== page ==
Farmers and some regional areas have objected to being left out of the Government's plan to contribute $1.5 billion towards an ultra-fast broadband network covering 75% of the country.
The Government is planning to create a Crown-owned company to invest the money in fibre-optic broadband infrastructure covering 25 cities and towns.
Farmers say the rural sector has been left out, despite its considerable contribution to the economy, but Communications Minister Steven Joyce, who unveiled the plan on Tuesday, says laying fibre to every farm is not practicable.
Mr Joyce says the Government will announce further rural broadband plans in a few weeks' time.
But West Coast mayors have expressed disappointment that their region has been left out of the strategy.
Grey District Mayor Tony Kokshoorn says the region should not be left out because it is booming and is making a contribution towards government revenue, while Westland District Mayor Maureen Pugh says decisions should not be made solely on a population basis.
Federated Farmers president Don Nicolson says towns and cities covered by the broadband plan already enjoy the best internet connections in the country.
Mr Nicolson says the rural sector will be expected to help get New Zealand out of recession and deserves immediate access to broadband to assist with domestic and international trade.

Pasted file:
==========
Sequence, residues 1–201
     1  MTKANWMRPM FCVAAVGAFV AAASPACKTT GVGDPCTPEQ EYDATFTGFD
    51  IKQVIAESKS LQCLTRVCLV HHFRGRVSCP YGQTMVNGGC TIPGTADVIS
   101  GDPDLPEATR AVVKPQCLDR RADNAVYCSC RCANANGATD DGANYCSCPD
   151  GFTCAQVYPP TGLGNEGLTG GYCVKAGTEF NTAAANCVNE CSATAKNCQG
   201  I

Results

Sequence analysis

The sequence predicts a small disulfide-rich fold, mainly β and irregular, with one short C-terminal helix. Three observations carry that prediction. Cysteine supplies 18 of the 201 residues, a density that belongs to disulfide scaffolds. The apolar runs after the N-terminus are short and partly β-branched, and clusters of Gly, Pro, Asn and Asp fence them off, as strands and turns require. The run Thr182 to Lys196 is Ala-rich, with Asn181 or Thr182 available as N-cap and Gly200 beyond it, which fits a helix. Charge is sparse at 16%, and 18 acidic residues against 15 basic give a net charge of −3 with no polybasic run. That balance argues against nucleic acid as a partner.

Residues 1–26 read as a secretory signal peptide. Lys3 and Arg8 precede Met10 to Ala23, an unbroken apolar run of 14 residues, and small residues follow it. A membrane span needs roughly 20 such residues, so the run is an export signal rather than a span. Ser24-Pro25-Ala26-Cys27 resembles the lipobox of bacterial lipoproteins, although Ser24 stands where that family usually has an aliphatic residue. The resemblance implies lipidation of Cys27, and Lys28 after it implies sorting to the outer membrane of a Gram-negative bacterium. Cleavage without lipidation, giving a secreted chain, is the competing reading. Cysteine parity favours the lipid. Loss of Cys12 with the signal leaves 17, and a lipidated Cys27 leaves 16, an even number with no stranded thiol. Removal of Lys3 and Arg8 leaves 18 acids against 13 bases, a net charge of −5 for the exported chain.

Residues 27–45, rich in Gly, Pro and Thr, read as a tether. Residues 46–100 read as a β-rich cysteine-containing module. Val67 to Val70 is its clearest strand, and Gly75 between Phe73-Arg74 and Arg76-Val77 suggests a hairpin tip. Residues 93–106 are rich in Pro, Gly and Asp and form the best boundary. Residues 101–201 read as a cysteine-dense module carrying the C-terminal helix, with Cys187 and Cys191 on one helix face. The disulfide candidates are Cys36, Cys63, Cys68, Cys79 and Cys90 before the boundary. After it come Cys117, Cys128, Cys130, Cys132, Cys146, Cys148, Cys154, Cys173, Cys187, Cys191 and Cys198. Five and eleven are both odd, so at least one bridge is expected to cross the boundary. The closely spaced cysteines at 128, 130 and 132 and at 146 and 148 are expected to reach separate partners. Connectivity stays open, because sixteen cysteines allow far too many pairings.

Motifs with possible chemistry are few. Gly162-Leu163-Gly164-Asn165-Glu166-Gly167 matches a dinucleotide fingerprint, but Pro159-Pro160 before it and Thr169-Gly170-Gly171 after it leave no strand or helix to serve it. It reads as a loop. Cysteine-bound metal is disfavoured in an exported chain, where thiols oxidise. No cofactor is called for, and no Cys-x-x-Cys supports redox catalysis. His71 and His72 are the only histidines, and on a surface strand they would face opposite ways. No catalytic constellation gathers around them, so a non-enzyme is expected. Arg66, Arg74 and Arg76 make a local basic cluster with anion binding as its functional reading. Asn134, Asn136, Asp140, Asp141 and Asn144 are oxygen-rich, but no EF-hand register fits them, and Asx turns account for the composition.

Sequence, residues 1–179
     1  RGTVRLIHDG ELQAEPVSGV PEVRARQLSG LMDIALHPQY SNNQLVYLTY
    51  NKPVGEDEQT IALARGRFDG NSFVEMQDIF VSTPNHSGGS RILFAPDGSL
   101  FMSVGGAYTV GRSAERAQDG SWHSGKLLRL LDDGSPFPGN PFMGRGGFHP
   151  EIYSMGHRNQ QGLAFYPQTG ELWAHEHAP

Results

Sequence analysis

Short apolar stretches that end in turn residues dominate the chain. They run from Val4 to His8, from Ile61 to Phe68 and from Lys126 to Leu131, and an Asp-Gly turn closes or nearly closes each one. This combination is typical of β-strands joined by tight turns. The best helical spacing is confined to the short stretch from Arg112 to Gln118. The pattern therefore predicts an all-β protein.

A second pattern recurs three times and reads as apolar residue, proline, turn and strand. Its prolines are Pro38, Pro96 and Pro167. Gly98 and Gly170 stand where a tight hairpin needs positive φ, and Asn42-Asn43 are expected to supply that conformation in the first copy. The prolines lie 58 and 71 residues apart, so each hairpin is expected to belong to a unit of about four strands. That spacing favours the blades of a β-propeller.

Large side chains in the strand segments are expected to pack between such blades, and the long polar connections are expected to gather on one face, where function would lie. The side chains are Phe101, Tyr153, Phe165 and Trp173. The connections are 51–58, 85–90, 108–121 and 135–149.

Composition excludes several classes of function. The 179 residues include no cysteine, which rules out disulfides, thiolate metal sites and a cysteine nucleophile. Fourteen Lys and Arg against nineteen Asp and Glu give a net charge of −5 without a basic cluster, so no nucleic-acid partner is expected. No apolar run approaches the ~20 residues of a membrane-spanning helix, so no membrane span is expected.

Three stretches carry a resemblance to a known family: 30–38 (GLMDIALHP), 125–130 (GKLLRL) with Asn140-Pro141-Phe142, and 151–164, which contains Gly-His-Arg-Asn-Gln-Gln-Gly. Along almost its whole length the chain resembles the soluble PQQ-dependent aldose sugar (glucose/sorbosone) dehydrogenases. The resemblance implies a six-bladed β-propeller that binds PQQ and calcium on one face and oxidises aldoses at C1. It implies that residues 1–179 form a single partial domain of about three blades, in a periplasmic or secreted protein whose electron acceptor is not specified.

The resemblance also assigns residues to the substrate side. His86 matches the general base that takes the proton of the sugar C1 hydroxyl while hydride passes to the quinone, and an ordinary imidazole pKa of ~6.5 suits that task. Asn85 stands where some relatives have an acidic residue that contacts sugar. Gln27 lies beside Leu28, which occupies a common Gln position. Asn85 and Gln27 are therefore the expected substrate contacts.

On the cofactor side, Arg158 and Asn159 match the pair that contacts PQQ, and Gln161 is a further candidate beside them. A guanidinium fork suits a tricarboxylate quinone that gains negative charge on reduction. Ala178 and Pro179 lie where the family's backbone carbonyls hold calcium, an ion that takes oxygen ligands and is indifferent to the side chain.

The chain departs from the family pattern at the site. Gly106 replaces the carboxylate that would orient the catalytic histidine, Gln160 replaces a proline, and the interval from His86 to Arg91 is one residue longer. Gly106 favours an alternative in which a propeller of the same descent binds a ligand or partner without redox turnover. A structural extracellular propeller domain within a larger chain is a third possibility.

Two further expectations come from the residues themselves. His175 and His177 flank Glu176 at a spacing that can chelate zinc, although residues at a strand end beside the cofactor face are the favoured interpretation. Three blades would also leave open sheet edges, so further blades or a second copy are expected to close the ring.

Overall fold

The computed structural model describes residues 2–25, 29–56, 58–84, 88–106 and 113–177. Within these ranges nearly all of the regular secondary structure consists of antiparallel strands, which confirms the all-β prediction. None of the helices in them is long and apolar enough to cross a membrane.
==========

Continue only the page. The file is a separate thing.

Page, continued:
Mr Nicolson acknowledges that the Government has set aside $48 million for a separate rural broadband fund, saying he will be interested to see how that will be spent.
The Telecommunications Users Association welcomes the plan but believes the Government should aim to reach more than just 75% of the country. It says small and rural communities would arguably benefit the most from the service because of their isolation.
The Crown Fibre Investment Company will be established to invest in joint ventures with the private sector to develop the fibre network.
Mr Joyce says joint venture partners could include telecommunications companies, local authorities, electricity lines companies and iwi.
Mr Joyce acknowledges it is possible the scheme could cost more than $1.5 billion, but will not make an open-ended commitment to the scheme. The focus will initially be on business, schools and health providers.
Telecom is already spending billions of dollars installing fibre to thousands of new roadside cabinets, while energy network firms, including Vector, have been aggressively pushing into building fibre-optic networks.
New Zealand's three biggest telecommunications companies will not be able to exert a dominant role under the plan.
Guy Hallwright, an analyst at Forsyth Barr, says industry estimates suggest the Government's plans could cost between $4 billion and $6 billion, which would mean the private sector would have to come up with between $2.5 billion and $4.5 billion.
Mr Hallwright says Telecom, Vodafone and TelstraClear are barred from becoming majority shareholders in any of the regional investment companies, leaving utility companies to take a majority stake.
Vector says it intends to take part.
Mr Hallwright says the plan does not reveal any big drawcards for companies wanting to participate, such as a guaranteed rate of return.
He also says the plan seems designed to force control of the telecommunications network out of Telecom's hands.